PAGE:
Well now…..hmmmnnnn…. that’s a, uh…thing…

It’s alive too. A living thing.

I think it’s a tiger bark ficus. Or some people call it Golden Gate. Not after the San Francisco’s most famous bridge but after a place in China called the Kinmen Islands. Another name for this ficus is “Kinmen” which means golden gate or, blonde hair, depending on context. If you’re interested in the whole story, it’s in one of Min Hsuan Lo’s books, Bonsai Journey, unfortunately written in Chinese, but perfectly related in the blog “Bonsai, Penjing and more” from Hoe Chuah, a resident of Texas and a much better scholar than myself, read the blog entry here.

Anyhow, somehow I don’t think either Min Hsuan Lo or Hoe Chuah would look twice at this….. thing.

Let’s dig down, like we are looking for buried treasure, and try to untangle the mess.

Wow! It actually has a trunk and some root flare. I’m beginning to be hopeful.

I have no clue where the tree came from, If we can call it a tree yet, but from whomever, thank you. It had to have been a gift ‘cuz I wouldn’t have purchased it.

But, being that it’s in my nursery, it at least has some chance of…something. Maybe a tree.

It has roots, which is a good thing.

But that’s a nasty cut. One challenge to embrace.

Maybe some grafting? Y’all wanna see some redneck grafting, right?

That’s a promising root for that purpose.

After about three minutes of serious study, I’ve decided that this is the front.

I know, I spent way too long looking at it. I was sipping a beer and trying to discern the subtle citrus bouquet from the cascade hops used in the brew. And is that crystal malt? Was it aged in bourbon barrels, why, yes, it was. Interesting.

Let’s clean the tree up, before I wax poetic about the clean spring water and mountain snowmelt used by the brewmaster because it reminds him of his grandad and trips to the Rockies, searching out fennel and juniper berries for homemade game sausage.

As you see below, I chose a top, saving the right hand branch as the new leader, removed the middle branch and saved the small one on the left, which was hidden until I just saw it (how strong is this beer? 9% abv? Dayum!)

I cleaned up some of the aerial roots but I saved that one we talked about earlier to use in a graft across that bad cut and help close it faster.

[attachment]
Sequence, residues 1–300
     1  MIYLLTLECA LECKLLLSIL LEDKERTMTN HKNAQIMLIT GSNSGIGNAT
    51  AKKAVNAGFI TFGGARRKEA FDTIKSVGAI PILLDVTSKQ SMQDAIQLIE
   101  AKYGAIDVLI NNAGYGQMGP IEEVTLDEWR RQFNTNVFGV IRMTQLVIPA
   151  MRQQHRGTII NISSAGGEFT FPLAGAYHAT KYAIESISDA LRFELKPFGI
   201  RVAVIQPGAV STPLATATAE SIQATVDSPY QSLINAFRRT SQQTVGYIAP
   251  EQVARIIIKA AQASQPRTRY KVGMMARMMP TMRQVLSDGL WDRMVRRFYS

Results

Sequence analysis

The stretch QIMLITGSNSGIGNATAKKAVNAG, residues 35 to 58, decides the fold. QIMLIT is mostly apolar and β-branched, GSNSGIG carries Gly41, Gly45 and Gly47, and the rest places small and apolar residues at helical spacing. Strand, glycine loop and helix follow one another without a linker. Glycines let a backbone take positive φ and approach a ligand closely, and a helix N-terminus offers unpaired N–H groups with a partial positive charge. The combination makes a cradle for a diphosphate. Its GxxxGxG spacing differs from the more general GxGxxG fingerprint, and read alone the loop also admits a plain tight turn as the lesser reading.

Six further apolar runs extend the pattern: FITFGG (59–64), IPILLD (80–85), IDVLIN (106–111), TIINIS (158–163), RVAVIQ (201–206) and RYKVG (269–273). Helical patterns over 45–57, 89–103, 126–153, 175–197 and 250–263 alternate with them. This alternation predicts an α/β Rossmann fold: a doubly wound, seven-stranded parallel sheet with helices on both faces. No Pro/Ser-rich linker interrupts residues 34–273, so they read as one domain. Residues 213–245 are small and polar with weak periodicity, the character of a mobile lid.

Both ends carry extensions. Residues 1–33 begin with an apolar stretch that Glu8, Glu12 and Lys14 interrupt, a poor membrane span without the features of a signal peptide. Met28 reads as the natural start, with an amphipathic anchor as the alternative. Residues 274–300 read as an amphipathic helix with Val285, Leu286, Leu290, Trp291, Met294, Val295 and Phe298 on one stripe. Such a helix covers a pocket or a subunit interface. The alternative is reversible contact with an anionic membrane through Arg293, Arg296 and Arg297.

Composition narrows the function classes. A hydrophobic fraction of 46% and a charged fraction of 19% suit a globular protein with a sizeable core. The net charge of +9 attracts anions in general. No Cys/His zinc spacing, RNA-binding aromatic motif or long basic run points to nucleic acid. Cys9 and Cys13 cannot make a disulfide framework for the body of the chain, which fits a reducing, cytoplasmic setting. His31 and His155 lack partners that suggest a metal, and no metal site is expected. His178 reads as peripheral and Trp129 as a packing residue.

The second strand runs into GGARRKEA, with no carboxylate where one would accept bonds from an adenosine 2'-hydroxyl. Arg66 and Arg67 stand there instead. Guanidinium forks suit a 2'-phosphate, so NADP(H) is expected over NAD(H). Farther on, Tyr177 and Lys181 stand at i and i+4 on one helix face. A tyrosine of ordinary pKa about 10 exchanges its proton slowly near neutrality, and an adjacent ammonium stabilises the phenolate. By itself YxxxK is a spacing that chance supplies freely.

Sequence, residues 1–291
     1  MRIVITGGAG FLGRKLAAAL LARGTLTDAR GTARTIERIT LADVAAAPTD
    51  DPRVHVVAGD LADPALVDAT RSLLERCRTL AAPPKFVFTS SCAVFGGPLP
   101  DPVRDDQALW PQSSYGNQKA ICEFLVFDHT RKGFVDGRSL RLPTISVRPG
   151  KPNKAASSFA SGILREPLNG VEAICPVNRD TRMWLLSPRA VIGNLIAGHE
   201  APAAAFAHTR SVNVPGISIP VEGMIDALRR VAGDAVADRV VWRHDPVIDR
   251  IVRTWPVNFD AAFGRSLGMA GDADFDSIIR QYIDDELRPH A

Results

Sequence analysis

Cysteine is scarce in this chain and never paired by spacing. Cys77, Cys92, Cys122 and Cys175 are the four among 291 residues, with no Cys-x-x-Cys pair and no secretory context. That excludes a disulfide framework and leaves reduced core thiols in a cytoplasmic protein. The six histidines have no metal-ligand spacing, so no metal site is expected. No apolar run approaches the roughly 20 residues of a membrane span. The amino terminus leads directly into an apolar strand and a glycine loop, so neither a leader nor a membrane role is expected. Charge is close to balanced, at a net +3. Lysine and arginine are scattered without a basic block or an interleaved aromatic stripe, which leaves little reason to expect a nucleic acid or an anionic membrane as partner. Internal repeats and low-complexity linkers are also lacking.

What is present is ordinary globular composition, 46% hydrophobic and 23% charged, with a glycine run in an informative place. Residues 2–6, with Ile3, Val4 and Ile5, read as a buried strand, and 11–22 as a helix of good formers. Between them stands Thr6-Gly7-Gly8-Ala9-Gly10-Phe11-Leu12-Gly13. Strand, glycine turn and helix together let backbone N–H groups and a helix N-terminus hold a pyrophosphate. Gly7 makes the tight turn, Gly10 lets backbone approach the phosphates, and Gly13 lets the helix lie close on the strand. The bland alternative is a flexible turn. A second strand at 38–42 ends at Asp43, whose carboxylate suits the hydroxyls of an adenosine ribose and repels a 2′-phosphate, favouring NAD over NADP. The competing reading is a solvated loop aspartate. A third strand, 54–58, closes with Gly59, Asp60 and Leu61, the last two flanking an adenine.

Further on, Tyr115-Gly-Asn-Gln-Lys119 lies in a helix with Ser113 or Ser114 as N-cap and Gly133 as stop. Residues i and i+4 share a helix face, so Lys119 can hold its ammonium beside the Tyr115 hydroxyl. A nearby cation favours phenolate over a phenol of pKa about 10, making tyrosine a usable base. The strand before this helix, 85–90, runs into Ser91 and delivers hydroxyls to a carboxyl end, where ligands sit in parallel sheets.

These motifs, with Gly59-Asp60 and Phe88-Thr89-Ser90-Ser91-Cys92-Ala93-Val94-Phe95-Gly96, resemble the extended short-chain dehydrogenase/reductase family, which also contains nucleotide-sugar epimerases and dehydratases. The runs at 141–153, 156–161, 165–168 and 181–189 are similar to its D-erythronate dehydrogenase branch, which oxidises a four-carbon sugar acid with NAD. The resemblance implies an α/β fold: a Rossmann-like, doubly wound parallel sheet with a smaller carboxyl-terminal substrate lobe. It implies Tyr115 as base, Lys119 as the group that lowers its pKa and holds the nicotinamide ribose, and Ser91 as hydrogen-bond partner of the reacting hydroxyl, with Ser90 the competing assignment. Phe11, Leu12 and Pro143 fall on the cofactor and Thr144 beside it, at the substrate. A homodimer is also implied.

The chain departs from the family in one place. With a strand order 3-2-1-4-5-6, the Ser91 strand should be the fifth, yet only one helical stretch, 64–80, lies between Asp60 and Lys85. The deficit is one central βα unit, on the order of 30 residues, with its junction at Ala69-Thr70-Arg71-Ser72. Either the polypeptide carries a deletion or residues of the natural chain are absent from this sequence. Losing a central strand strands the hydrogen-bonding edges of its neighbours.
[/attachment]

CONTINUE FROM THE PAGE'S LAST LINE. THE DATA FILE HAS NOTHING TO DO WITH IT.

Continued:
Kinda like that. But with more….fasteners.

I’ll also graft it below to give me more root spread, as well as using the other aerial roots for the same thing.

Wait, fasteners?


Where’s my staple gun?

The staples purpose is to hold the root tight to the cambium and bark, forcing it to fuse as it grows. Otherwise it just pushes away and no fusion.

On the other side..

Now I’ll put it into a more shallow and wider pot to spread out those roots…

Making sure I’ve tied it down tight and in place….

The tie down wire also helping with holding some of the roots into place.

Then, of course, I hide it all below the soil line. As the grafts take I’ll expose them more, but now, we want some protection.

It’ll stay that way for a few years.

Now, some attention to the top, as little as there is to give attention to, I suppose.

I could let it all grow unchecked but I’ll give it a little direction.

This will be wired down.

The total height I’m guessing it should be about here.

With this, probably, as the “apex”.

But I’ll be conservative. Let’s start higher up.

This goes…

Cut back this…

And here….


Which will not only hold the (above) branch but will also hold this root (below) tight to the trunk….

And the other root I’m grafting across the scar.

That’s that.

And, of course, fertilizer, water, and sunshine.


Let’s see what happens.

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